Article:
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At the heart of Expo Milan 2015, the stunning architecture of the Padiglione Italia - the only pavilion not to be dismantled after the event - has already become a symbol of the Italian excellence, modern creativity, and technological innovation.
Designed by Nemesi Studio, the spectacular forest-like structure is 13,000 square meters in size, made of energy-efficient photovoltaic glass and bioactive cement that purifies the air from polluting agents.
In the following interview, Roman architect Michele Molè – a PhD in Contemporary Architecture, founder and creative director of Nemesi - discusses the qualities of this latest landmark, which adds on to Italy’s vast collection and invites to look forward after the economic crisis.
What is the meaning of the “urban forest” that you’ve created?
Even if working to a tight deadline, our main goal was to create a Padiglione Italia that represents the excellence of Italian architecture, design, and creativity. Italy’s good reputation worldwide is based on our creativity, innovation, taste, and art. That is, our ability to create beautiful things. In order to fulfill this main goal, we tried to design a project rooted in our tradition and history, for Palazzo Italia to become a product not only of Nemesi but also of our Country as a whole.
Another important goal was to update Italy’s great history and extraordinary memory, to look at the future. Far from old-style architectures that only remind of unmatchable past glories, we wanted to make tradition modern and to show once again how Italy is capable of generating innovation, quality, artistry, beauty, and of keeping up with tomorrow’s challenges.
A third goal, relating to Expo’s theme “Feeding the Planet, Energy for Life,” was connected to nutrition and sustainability. In fact, Palazzo Italia has nothing to do with energy consumption or environmental impoverishment; on the contrary, it enters the natural interchange with the surroundings, becoming a new example of sustainable building.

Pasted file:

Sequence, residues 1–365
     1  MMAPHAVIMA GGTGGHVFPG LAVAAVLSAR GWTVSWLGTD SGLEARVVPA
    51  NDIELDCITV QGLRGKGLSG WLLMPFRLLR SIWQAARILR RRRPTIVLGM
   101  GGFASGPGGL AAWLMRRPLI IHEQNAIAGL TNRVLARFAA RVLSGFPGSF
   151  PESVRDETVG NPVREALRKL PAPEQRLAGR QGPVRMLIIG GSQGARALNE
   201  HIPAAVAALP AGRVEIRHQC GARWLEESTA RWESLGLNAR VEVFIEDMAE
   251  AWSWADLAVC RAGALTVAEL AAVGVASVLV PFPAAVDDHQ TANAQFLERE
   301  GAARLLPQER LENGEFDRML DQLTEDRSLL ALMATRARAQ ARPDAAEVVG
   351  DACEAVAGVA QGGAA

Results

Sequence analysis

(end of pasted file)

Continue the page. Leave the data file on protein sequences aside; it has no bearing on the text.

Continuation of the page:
Let’s begin by talking about the idea of a “modern beauty.”
Our project was inspired by some of the highest moments in Italy’s art history, from the silently powerful figures of Michelangelo’s Mannerism to the dynamic dialogue between the inside and outside in Bernini and Borromini’s Baroque works, up to Caravaggio’s chiaroscuro that overcame formal figurative standards to describe the indescribable through lights and colors. All of these have combined in our primary search for the profoundness, complexity, and richness that life as well as the urban and architectural environment are made of. Palazzo Italia was meant as a continuation of such a history and as its contemporary interpretation.
Inside Palazzo Italia there’s a piazza. Is it a social message from architecture?
An essential element of our project was the Italian idea, throughout history, to build up small or large villages that are not only urban settlements but also real communities. The piazza, the village’s center, has always been the place where Italians gather and feel part of this community. So we have recreated a piazza in the urban architecture of Padiglione Italia: an empty space 35 meters high, representing a meeting point for the Italian community as well as one of our oldest social traditions. Another one is nutrition, Expo’s main theme.